Francis Nicholson


Francis Nicholson, soldier, conqueror and later governor of Nova Scotia, colonial administrator; born 12 November 1655 (o.s.), at Downholme, Yorkshire; died a bachelor 5 March 1727/28 in London; buried in the parish of St. George, Hanover Square.

          Nicholson's parentage is uncertain; probably he was a son or close relative of Thomas Nicholson, successively governor of the Houses of Correction at Richmond and at Thirsk.  He had a sister of whom nothing is known save her married name, Phipps.  He was reared in the Anglican communion and in later life supported the work of the Society for the Propagation of the Gospel.  Nicholson's formal education remains obscure.  His correspondence indicates he received some elementary instruction in his boyhood, possibly at a free school in Richmond, near his birthplace.  During his youth he became a page of Charles Paulet (Powlett), Lord St. John of Basing (afterwards Marquis of Winchester), thereby gaining the patronage of that courtier and of his son-in-law, John Egerton, Earl of Bridgewater.

          On 16 January 1677/78 he was gazetted ensign in the King's Holland regiment, and served in Flanders till the regiment's recall and disbandment toward the end of December.  He rejoined the army 13 July 1680 as lieutenant in the Earl of Plymouth's regiment, a unit created especially for reinforcing Tangier against attack by the Moorish emperor.  At Tangier he was in due course selected for courier service.  Upon Tangier's evacuation in February 1683/84 he was ordered back to London, later rejoining his regiment in which he continued to serve as a subaltern till early in 1686.

          With James II's creation of the Dominion of New England, Nicholson, now captain of a company of foot, sailed that fall for Boston as assistant to Sir Edmund Andros, the governor-in-chief.  Less than two years thereafter he won appointment as lieutenant-governor, under Andros, at New York.  In August 1687 he was sent by Andros to Port-Royal (Annapolis Royal, Nova Scotia) to seek the restoration of a New England fishing ketch captured off Acadian shores.  He failed to recover the boat, but did manage to gain some knowledge of military and other affairs in Acadia.  The Dominion's collapse in April 1689, on reports of James's deposition, set off an insurrection in Manhattan, causing Nicholson to hasten away in hope of mending his fortunes at Whitehall.  Embroiled in war with France, William III responded readily to the urgings of Winchester (now Duke of Bolton) by commissioning Nicholson lieutenant-governor of Virginia on 14 November 1689.  For 15 years he served there as a royal administrator and persistently championed the defence of New York's frontier against Canadian raids.  He was recalled from this post in April 1705 after many charges of fiscal maladministration had been made against him by the colonists.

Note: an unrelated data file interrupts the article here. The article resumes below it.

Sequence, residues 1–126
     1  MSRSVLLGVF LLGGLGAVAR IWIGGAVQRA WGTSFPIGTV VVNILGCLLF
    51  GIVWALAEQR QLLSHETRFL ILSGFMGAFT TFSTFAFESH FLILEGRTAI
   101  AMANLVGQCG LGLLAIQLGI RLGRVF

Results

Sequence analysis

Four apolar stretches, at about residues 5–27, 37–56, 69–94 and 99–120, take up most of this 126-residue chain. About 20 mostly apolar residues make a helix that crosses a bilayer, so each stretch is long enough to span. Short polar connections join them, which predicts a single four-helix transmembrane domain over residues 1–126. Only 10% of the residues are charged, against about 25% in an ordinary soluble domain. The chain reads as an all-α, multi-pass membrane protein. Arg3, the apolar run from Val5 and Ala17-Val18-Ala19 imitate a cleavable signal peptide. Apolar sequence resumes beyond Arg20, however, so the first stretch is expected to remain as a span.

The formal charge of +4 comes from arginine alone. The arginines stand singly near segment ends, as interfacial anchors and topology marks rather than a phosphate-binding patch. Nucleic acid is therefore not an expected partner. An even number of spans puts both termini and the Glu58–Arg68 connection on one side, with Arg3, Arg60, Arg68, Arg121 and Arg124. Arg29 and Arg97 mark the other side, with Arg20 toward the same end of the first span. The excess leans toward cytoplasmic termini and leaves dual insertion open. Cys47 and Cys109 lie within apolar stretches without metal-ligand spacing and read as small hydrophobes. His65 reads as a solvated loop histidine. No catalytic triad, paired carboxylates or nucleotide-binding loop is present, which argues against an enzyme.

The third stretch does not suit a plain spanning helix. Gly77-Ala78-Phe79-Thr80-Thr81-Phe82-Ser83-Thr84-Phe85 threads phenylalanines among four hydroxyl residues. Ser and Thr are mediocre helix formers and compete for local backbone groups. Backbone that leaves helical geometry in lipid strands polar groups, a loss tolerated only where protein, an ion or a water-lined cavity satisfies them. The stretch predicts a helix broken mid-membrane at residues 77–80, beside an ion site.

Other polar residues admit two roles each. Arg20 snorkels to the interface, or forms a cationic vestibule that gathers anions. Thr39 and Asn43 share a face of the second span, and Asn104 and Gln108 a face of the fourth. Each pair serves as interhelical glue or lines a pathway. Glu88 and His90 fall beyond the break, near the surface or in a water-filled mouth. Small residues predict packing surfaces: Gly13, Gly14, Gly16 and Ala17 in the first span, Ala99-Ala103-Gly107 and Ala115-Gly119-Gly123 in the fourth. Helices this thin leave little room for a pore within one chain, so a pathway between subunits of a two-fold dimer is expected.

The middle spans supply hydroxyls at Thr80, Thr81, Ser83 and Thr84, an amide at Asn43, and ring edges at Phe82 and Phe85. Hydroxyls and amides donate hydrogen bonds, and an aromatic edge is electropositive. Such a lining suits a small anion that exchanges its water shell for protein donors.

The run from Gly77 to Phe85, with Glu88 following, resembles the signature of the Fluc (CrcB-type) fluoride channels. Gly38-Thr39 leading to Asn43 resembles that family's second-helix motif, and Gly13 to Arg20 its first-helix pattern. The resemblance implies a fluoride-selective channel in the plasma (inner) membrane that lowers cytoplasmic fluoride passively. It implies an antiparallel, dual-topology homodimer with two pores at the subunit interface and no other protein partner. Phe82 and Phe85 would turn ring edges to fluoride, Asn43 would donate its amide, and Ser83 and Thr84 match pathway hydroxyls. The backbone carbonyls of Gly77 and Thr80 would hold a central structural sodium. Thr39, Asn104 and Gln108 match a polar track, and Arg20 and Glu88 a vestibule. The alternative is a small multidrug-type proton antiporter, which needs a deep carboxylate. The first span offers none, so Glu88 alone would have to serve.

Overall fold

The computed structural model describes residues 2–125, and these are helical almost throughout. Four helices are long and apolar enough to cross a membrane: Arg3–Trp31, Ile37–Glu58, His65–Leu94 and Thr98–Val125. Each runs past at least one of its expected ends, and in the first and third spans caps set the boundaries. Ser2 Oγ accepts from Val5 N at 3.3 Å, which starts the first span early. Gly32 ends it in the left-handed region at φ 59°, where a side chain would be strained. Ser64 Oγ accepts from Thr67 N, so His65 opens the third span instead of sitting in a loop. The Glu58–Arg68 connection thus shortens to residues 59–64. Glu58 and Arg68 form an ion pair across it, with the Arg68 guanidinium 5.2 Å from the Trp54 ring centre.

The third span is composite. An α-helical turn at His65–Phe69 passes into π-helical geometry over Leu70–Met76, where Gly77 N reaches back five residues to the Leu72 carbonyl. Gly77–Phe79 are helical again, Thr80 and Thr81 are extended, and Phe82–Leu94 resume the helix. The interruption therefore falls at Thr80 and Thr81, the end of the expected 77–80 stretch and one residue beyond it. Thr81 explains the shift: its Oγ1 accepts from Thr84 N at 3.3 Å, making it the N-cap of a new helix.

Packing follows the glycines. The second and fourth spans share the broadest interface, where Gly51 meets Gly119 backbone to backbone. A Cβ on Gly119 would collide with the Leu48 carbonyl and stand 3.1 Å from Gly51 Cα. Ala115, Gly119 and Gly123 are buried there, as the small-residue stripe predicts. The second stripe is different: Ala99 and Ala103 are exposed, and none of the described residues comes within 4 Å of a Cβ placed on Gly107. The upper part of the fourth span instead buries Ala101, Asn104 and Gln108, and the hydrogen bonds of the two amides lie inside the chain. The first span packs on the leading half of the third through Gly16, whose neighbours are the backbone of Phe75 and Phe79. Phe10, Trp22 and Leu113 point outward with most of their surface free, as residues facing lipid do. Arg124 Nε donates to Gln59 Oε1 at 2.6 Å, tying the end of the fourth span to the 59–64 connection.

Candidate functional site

Because of his colonial and military experience he became associated as a volunteer in 1709 with Samuel Vetch, whose scheme for Canada's conquest by an inter-colonial land and sea invasion was ordered into effect by the Whig ministry on 1 March.  Following their joint appearance in Manhattan, Nicholson accepted command of the Connecticut, New York, and Jersey contingents, while Vetch laboured at Boston to mobilize New England units destined for Canada via the St. Lawrence River with British naval support.  By late July Nicholson had advanced up the Hudson River and deployed his troops in stockaded forts from Stillwater (north of Albany, New York) to the foot of Lake Champlain, whence with Iroquois assistance he could threaten Montreal, thus diverting soldiery from Quebec's defence.  The governor of New France, Rigaud de Vaudreuil, apprehending this stratagem, dispatched a reconnoitering force southward under Claude de Ramezay, whose report after a skirmish off Scalping Point (Pointe-à-la-Chevelure, opposite Crown Point, New York) confirmed Vaudreuil's fears.  However, all chance of success for the English vanished with the ministry's cancellation of its original naval orders.  Before these tidings arrived, Nicholson's force had become so demoralized by fatigue, supply shortages, and disease that they abandoned their outposts and streamed homeward.

          Nicholson, after a conference at Rehoboth, Massachusetts, sailed for Britain to press for another invasion attempt or an assault from New England on Port-Royal.  The latter proposal, promising tangible returns at no great cost to the crown, won ministerial approval.  Commissioned 18 March 1709/10 [29 March 1710 n.s.] commander-in-chief of an expedition to recover Nova Scotia for the queen, Nicholson set forth in May with 500 marines in a flotilla under Commodore George Martin, consisting of frigates, transports, and a bomb-ketch.  At Boston Nicholson's force was augmented by provincial troops under Vetch, and by additional supplies and sail.  On 18 September he embarked, and on reaching Nova Scotia's north shore entered the basin leading to Port-Royal.  Under cover of Martin's guns Nicholson disembarked his infantry beyond range of the fort, beginning a siege which terminated 2 October (13 October 1710 n.s.), with Auger de Subercase surrendering in the face of overwhelming odds.  The articles of capitulation gave the English control over the Port-Royal fort (now renamed Annapolis Royal) and over the inhabitants living within a three-mile radius of the fort.  The latter were given the freedom to move to Placentia (Plaisance) or New France if they so desired.  Those who remained were to take the oath of allegiance to Queen Anne.  The state of the rest of Acadia was not spelled out, but in effect the English regarded the Acadians as their subjects and expected them to provide any necessary services.  The military weakness of the Annapolis Royal garrison, however, rendered the English control of Acadia rather ineffectual.